This special, holy, great Son of God baby will be born to a virgin. And if she needs any more help believing it, Gabriel points her to what’s happening with her elderly relative: ‘Even Elizabeth your relative is going to have a child in her old age, and she who was said to be barren is in her sixth month.’

And here’s the point he’s driving to: ‘For nothing is impossible with God.’ If God can give a baby to old Elizabeth, then he can bring about the birth of his Son through the virgin Mary. Nothing is impossible with God. As Paul writes to the Ephesians, God is able to do far more abundantly than all we ask or imagine. But so often we simply don’t believe it.

We would love to see that relative you pray for every day to come to faith, even though they’ve been anti-God for ever. Maybe that’s too hard for God to change, is it impossible? Is anything impossible with God? Gabriel says: No! Not even having a virgin conceive and give birth is impossible for God.

It was an ordinary day for an ordinary young woman. But it turned out to be extraordinary with news of God’s grace to Mary; and news of the great Son of God and Son of David who she would bear and birth. So how do we respond to this news? We see the way to respond in the answer that Mary gave that day: ‘I am the Lord’s servant, may it be to me as you have said.’

Mary receives the news, believes her God, and receives the Saviour. Whatever pain, and misunderstanding might come - Joseph was ready to divorce her quietly - Mary submits and obeys. May we also hear God’s word and obey.

This sermon was preached in St Matthew's Church, Richhill on Sunday evening 19th November 2017.

Tuesday, November 14, 2017

Sermon: Luke 1: 1-25 A People Prepared (1) - Zechariah

I asked this question the other night at Bible study, and everyone was in shock. So let’s see how the evening congregation gets on with it... Are you all set for Christmas?

You know it’s getting closer when the Sundays are in the countdown before Advent; when the Christmas stuff is in the shops; and the reminder comes that it’s just 42 days to Christmas. And perhaps your mind starts racing about all the things you have to do to be ready for Christmas. buying presents, ordering the turkey, cleaning the house, putting up the tree, and so much more, before you’re prepared.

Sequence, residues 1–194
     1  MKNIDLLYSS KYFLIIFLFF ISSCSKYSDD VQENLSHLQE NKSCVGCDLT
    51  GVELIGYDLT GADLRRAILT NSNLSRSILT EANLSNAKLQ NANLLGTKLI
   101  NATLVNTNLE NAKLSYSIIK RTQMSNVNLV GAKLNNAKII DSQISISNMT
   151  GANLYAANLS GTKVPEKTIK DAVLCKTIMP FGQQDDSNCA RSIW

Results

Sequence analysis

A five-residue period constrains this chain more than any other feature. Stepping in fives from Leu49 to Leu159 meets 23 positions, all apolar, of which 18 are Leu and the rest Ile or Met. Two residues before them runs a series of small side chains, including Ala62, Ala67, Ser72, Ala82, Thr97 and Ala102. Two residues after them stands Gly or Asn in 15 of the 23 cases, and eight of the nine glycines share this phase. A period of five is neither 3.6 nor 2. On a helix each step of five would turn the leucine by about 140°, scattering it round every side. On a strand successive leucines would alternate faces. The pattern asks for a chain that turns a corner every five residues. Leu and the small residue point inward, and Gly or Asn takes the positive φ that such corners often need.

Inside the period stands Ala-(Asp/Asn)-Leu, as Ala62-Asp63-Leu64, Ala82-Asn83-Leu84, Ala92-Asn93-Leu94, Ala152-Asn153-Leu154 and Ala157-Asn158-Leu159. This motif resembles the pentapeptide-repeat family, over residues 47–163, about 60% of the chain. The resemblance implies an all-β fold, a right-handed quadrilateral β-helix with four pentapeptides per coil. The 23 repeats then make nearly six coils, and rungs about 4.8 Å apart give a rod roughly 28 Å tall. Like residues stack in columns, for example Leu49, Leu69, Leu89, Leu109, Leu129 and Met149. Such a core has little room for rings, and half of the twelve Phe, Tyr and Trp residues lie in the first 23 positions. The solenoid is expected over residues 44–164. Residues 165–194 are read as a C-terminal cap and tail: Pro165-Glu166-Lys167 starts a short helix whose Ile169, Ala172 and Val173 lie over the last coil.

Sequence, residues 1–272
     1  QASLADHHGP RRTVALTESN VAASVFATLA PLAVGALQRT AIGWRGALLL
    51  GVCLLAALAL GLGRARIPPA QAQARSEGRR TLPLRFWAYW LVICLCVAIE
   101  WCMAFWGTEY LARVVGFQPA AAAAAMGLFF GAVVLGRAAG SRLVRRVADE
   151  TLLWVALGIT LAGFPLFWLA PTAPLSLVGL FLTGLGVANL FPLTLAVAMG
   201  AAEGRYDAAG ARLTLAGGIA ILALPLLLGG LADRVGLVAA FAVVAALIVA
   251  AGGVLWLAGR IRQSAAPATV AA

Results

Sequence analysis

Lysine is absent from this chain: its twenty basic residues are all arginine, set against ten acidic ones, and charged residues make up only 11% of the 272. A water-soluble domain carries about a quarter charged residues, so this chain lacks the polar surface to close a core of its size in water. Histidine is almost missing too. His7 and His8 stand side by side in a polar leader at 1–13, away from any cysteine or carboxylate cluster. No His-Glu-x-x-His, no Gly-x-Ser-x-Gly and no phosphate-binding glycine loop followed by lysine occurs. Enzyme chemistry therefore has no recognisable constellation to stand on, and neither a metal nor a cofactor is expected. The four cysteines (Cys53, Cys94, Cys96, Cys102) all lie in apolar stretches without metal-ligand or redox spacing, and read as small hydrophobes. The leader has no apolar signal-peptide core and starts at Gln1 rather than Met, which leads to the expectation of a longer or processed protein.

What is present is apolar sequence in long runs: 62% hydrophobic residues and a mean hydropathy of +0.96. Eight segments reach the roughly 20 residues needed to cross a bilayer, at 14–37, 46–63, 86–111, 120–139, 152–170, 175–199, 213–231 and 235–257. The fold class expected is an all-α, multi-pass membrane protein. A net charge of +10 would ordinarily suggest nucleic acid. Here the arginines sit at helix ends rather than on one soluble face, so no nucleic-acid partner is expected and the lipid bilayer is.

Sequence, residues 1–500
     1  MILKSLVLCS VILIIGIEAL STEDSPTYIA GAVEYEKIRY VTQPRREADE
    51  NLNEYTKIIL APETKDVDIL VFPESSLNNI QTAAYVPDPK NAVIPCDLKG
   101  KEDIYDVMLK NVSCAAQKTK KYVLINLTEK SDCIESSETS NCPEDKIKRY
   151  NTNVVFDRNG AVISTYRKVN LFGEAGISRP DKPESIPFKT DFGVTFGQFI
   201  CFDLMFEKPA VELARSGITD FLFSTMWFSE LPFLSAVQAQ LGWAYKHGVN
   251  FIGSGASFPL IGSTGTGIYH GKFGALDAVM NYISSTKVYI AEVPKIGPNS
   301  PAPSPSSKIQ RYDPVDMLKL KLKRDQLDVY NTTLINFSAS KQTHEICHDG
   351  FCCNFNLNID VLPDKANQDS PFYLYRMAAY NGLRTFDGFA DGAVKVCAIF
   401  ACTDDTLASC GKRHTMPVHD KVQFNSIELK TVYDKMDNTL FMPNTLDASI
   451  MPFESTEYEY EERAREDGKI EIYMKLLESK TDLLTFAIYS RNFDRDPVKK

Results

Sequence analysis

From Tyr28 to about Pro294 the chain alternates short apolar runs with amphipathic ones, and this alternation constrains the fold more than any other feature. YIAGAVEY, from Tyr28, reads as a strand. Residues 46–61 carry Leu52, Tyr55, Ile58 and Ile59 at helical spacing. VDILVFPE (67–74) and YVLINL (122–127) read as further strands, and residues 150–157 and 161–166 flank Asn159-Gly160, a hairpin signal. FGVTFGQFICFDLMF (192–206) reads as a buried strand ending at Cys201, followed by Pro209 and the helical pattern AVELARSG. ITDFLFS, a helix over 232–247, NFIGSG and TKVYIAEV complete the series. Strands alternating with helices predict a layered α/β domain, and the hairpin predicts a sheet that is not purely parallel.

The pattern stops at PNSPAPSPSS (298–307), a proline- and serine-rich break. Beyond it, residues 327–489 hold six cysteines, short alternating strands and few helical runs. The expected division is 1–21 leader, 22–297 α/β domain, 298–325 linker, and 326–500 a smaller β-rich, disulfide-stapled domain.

On these Sunday nights leading up to Christmas, though, we’re going to get ready in an entirely different way. Forget the list you might be making, and checking it twice. Instead, we’re going to prepare for Christmas by revisiting the preparations for the very first Christmas. It’s not so much the house prepared, but (as we read in verse 17) a people prepared for the Lord.

Luke will tell us about the shepherds and the angels and the stable, but before we get there, he starts his story a bit further back. He tells us of the things that happened in order to get to the manger in Bethlehem, as he begins his good news story.

We all know how stories begin. ‘Once upon a time, there were...’ Or even ‘A long time ago in a galaxy far, far away’. But that’s not how Luke begins. You see, this is no fairy tale. This isn’t another part of the Star Wars story. Luke is writing history, having carefully researched what has happened. He writes ‘Since I myself have carefully investigated everything from the beginning, it seemed good also to me to write an orderly account for you, most excellent Theophilus.’ (3-4)

Theophilus (friend of God) is a Christian, and Luke has carefully studied what happened, met the eyewitnesses, and has written it down for him, and for us, so that we can be certain about the life, teaching and events of Jesus.

Have you ever watched a film and enjoyed it, only to discover as the credits roll that it’s based on a true story? This is the true story of what happened - you see it in the details Luke includes: that Herod is the king of Judea (5), that Zechariah is a priest, married to Elizabeth, and details of which section of the priesthood he’s in. Luke is telling us the true story, something we can rely on and trust.

It’s the true story of a special child - as we can see from the special circumstances of the birth.

As we’ve said, Zechariah is a priest, and we’re taken with him to Jerusalem, to the temple. You see, there were 24 sections of priests, each taking their turn in serving at the temple. Zechariah and the rest of the priests of Abijah went up to Jerusalem for their week. While there, one of them would be selected by lot to go inside the holy place to offer a sacrifice of incense on the altar. It’s reckoned that this was a once-in-a-lifetime chance - some men never got the opportunity.

He knew what he needed to do - go in, light the incense offering, and then return outside to bless the people waiting outside. Simple. Except when he went inside, things weren’t as he expected. There was an angel inside, waiting to see him! I wonder what you think of when you hear of angels - fluffy wings and white robes? Zechariah is terrified - the sight is awesome - fear overwhelms him.

The angel Gabriel tells Zechariah that he is going to become a dad, that him and Elizabeth are going to have a child. No pregnancy testers here, nor 12 week scans. Just a heavenly messenger straight from God announcing the forthcoming birth. What a special child this is going to be. But that’s not all.

Just think of the parents of this child. Back in verse 7, we were told that ‘they had no children, because Elizabeth was barren, and both were getting on in years.’ It’s what Zechariah says himself in verse 18: ‘How can I be sure of this? I am an old man, and my wife is well on in years.’ All those years of childlessness, all that pain, and suddenly the news comes of this special birth of this special child.